Black Bean Chilaquiles

Got Tortilla Chips? Make Chilaquiles!

I understand that Super Bowl Sunday is a day devoted to snacking excess.  But when it’s all over, and you’re looking to recover with a healthy meal this week, try this recipe.  (Or make it right away without the cheese to knock the socks off the vegans at your Super Bowl party–in which case you should call it “Vegan Nachos.”)

I don’t think that this bowl of spicy, smoky, chipotle-spiked deliciousness technically qualifies as chilaquiles, but that’s what we call it.  And it’s what Jack Bishop calls it in A Year in A Vegetarian Kitchen.  Based on my exhaustive research (read: eating my way through Oaxaca a few years ago), this dish may really be closer to enfrijoladas.  But whatever.  I’m no purist.  You can do some research on Wikipedia and make your own decision.

A few notes on the ingredients.  A more authentic recipe would have you quarter corn tortillas and fry them (or, more realistically around here, bake them in the oven) until crisp.  But THIS recipe uses tortilla chips.  It’s a time-saving shortcut, and you are going to have all those leftover bags of chips after your Super Bowl party.  But if you prefer to start with corn tortillas, more power to you, just brush both sides with oil, sprinkle with salt, cut them into 1/2″ by 2″ strips and bake them at 350 until they start to crisp (maybe 10-13 minutes), then set them aside to cool while you do the rest.  And about the chipotle puree: buy a can of chipotle chiles in adobo sauce, scrape the entire contents into your blender, and whizz to a puree.  Keep it in a jar in your fridge.  Use it on everything.  Now back to the chilaquiles.

The backbone of this Chilaquiles recipe is your pot of beans.  Chop a big onion and brown it in a pot over medium-high heat.  When the onion gets a few shades past golden brown, mix in 5 minced garlic cloves and 1-2 tsp. chipotle puree. Notice that your kitchen is starting to smell great.  Add 4 cups cooked or canned black beans (if you cooked the beans yourself, add the liquid.  If they’re canned, drain and rinse them).  Add enough additional water to nearly cover the beans.  Add 1/2 to 1 1/2 tsp. salt (depending on whether the the beans are already salted) and simmer for about 20 mins to blend the flavors.  Puree with an immersion blender and add more salt to taste.  Serve with tortilla chips and assorted toppings: salsas, mexican crema (or sour cream thinned with milk), diced avocado, lime wedges, queso fresco or feta cheese and chopped cilantro.  The photo above also shows a bowl of pickled onions and hot peppers I had left over from making fish tacos.  Everyone grabs a bowl, adds a handful of chips and a ladle of beans, then toppings to taste.  Buen provecho!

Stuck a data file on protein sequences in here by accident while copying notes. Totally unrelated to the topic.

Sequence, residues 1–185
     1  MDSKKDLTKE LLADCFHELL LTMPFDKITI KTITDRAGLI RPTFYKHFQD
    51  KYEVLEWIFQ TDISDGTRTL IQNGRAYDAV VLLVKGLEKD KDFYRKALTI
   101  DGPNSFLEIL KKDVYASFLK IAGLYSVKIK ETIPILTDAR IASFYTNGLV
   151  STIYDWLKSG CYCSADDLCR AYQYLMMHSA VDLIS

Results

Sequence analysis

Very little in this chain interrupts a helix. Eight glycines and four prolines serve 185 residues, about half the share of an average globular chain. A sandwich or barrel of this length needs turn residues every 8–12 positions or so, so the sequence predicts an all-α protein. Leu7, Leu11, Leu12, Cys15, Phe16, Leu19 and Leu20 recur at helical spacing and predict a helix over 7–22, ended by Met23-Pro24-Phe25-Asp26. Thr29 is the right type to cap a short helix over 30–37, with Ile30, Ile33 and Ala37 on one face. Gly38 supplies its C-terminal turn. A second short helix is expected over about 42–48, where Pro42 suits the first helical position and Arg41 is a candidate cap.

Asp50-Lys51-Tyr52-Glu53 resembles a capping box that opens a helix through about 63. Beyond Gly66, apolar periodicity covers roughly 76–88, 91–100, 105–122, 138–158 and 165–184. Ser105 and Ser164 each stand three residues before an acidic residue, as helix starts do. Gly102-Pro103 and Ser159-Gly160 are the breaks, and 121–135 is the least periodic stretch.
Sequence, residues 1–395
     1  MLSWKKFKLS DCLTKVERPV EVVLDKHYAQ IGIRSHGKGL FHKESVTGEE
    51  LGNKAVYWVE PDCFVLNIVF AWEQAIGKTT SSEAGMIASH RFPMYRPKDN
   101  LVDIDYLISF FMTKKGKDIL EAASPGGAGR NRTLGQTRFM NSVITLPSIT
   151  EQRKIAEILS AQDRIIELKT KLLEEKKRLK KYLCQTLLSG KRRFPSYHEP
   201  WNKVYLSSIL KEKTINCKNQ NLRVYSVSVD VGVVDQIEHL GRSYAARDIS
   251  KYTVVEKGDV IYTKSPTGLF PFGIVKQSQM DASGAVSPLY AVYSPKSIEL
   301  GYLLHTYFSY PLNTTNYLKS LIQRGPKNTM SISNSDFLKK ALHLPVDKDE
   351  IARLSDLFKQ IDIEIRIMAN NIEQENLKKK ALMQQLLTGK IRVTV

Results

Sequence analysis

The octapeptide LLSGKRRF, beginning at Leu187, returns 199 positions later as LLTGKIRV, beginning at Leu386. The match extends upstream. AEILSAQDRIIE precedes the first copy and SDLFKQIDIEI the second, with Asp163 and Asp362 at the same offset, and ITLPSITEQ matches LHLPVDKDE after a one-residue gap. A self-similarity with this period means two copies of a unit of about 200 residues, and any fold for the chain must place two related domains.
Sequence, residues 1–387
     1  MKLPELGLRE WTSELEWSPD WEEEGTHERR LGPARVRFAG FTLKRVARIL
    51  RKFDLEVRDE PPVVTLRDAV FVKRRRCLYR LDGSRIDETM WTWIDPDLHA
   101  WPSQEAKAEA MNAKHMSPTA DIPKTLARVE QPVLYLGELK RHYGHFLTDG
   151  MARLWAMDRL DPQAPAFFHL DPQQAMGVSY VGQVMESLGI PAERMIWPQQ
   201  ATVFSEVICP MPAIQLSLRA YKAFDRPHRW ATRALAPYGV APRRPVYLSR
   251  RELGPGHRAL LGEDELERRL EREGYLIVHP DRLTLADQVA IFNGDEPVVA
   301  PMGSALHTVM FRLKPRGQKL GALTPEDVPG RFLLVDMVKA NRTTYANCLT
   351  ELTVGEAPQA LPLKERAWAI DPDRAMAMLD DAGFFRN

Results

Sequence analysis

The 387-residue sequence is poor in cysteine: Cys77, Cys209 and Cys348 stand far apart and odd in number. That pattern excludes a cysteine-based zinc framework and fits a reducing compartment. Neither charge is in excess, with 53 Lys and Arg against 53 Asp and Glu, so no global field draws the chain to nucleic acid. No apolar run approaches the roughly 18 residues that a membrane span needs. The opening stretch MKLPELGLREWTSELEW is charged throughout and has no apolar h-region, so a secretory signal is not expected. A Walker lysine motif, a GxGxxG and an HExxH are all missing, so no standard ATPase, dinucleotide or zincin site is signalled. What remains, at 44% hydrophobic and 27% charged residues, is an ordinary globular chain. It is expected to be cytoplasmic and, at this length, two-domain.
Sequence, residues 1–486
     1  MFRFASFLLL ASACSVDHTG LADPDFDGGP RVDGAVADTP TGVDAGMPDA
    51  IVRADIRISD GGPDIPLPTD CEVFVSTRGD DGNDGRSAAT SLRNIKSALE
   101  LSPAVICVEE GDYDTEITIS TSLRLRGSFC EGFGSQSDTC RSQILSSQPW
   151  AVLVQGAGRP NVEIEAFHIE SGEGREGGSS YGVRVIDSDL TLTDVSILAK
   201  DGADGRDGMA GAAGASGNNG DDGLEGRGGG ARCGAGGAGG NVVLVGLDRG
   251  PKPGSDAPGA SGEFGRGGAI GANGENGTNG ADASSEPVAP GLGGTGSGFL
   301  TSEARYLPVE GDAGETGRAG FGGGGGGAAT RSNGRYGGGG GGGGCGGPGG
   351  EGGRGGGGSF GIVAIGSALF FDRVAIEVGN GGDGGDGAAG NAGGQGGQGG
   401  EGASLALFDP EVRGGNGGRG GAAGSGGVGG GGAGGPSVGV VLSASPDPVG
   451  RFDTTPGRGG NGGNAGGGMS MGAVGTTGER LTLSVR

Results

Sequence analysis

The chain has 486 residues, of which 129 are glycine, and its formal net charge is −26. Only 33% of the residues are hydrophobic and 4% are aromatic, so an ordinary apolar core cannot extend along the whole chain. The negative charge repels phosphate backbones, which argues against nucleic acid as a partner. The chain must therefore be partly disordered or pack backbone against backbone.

4 thoughts on “Got Tortilla Chips? Make Chilaquiles!

  1. Allison (Spontaneous Tomato)

    This recipe sounds fantastic! At my house, we just drench our chilaquiles in roasted tomatillo salsa, and then top them with a fried egg (or two) and a sprinkle of cheese (queso fresco if we have it in the house, otherwise some grated generic Mexican blend will do).

    For vegan visitors, we’ve whipped up some guacamole to take the place of the egg & cheese. But we rarely add beans to it… only if we have some extra cooked beans in the fridge. I guess we’re missing the “backbone” of your recipe– I want to try out your version soon too!

    Reply

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